And as I understand that, I am gaining confidence. I am breaking the silence. I am envisioning the world and life I want to have, one with less disableism, and I am working towards it.
Now I’m not suggesting this is something that would work for everyone. I am a major sociology dork, and that is not everyone’s jam. But reading about disability and disableism has been incredibly empowering, and that makes it easier to navigate my migraine-filled life.
- Work on positive ways of dealing with my anger.
- Procrastinate less and fill the time that I will gain with sleep and more important things and people.
- Start blogging again.
- Meditate regularly (see number 1).
- Make fewer violent comments and jokes.
- Keep in better contact with the friends and family I don't see on a daily basis.
- Get back into scrapbooking.
- Be more positive.
Tuesday, March 9, 2010
Ok, so I guess those comments did get to me.... It's not so much I care what random people say online, but I know it's what society as a whole tends to believe. I am tired of being judged, tired of justifying myself to others, and tired of justifying myself to myself.
Yes, in fact, migraines are disabling. Partially because of people with attitudes like that.
Monday, March 8, 2010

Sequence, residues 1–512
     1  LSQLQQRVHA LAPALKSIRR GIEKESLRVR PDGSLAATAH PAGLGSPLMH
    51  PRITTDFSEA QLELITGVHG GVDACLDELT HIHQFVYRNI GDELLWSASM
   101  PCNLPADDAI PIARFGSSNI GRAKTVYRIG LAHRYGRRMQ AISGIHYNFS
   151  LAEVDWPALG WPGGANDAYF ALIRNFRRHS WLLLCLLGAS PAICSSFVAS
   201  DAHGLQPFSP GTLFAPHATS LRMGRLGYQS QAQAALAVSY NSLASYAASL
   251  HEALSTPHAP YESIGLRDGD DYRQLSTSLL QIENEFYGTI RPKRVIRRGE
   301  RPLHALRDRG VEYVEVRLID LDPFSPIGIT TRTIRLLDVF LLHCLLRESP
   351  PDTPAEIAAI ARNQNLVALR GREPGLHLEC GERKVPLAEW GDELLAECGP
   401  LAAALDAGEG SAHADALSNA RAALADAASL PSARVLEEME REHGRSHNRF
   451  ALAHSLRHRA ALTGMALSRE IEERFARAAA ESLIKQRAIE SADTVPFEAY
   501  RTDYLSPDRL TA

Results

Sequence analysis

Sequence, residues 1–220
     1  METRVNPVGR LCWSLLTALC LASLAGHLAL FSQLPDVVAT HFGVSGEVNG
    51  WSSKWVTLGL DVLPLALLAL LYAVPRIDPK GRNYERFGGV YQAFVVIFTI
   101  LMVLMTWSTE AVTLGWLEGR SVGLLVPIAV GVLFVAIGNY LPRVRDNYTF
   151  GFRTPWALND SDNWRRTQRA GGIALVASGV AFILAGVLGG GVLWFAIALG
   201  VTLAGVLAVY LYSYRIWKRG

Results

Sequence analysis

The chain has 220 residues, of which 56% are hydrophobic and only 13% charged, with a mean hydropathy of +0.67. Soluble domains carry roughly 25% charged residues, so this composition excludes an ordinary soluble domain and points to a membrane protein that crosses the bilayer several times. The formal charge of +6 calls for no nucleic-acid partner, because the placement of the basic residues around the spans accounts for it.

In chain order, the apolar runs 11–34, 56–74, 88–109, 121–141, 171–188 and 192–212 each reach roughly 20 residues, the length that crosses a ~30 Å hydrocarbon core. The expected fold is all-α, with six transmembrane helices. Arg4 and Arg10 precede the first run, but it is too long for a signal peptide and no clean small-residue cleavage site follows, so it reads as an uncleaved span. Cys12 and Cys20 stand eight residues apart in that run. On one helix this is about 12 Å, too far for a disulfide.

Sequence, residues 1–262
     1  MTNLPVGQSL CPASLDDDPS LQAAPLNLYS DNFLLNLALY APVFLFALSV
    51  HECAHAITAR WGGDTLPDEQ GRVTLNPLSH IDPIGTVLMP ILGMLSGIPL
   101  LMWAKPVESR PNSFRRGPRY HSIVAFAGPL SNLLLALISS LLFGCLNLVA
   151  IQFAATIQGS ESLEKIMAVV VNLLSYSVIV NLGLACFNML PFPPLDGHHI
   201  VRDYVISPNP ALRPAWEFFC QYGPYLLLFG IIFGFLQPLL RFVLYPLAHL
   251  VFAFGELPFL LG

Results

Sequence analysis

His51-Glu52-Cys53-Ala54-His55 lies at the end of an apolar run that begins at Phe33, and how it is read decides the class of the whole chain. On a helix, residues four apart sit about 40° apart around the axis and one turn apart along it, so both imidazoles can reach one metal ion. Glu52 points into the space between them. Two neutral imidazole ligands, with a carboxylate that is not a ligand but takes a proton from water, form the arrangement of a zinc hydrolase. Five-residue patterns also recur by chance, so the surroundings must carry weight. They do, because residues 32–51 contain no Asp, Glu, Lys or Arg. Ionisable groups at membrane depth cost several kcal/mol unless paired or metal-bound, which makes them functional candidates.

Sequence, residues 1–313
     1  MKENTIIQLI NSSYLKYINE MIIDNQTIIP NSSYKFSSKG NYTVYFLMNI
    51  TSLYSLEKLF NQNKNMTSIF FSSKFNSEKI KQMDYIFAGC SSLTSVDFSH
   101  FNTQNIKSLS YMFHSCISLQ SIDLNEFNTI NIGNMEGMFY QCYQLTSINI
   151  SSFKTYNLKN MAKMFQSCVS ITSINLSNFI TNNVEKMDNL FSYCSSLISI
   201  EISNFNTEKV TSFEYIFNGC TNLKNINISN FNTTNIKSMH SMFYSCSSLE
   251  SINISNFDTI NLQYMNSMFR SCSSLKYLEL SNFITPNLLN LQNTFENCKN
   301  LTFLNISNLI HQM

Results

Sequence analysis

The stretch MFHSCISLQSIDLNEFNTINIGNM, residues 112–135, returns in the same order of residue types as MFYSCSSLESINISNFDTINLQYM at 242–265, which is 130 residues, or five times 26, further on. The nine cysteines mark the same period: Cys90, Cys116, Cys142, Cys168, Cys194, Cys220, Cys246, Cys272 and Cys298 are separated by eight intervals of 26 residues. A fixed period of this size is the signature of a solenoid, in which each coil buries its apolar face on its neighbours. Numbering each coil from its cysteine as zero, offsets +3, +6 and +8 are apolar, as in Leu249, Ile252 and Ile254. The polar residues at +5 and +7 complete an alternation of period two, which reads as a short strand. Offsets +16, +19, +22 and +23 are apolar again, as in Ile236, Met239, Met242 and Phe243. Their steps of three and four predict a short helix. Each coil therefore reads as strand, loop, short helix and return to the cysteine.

Wednesday, March 3, 2010
I was socialized into a culture that tells me I need to work hard and constantly get ahead. (Someone asked me what my motto was last week, and my first response was "work hard." And then I couldn't think of a better one.) This sounds good in theory, but it can lead to problems, especially when you have health problems. I'm getting better about trying not to do everything I used to. I'm "active" in student activities at my university, but not nearly as active as I used to be. Or I feel I should be.
When I read amandaw's "Second Shift for the Sick Post" (which can be found here, and which I highly suggest reading), it was like a light bulb went off. I mean, I knew dealing with my health takes a lot of time, but being able to put it in feminist and sociological theory really helped.
Sometimes, usually when my health is going through a lower point, I get to the end of the day and wonder where the time went; I'm exhausted, in pain, and nothing in my planner has been finished -- yet I feel like I've been busy trying to be "productive" all day. I used to beat myself up on those days. And I won't lie, I still do. But I've gotten better, because now I realize that what I have been doing is my "second shift for the sick."
What am I spending my time doing? There's prescriptions to be filled, doctors to be contacted, insurance hoops to be jumped through, etc. There is also the time I need to spend on self-care: stretching, heating pads, eating at the right times, etc. And finally, my brain and body is spending a lot of time simply being ill--I need to be in bed, my brain too closed-down to be "productive," everything has to be dark, etc. And this all not only takes time, it takes energy.
When I really sit down and look at it, there's a lot going on. I'm not so lazy after all.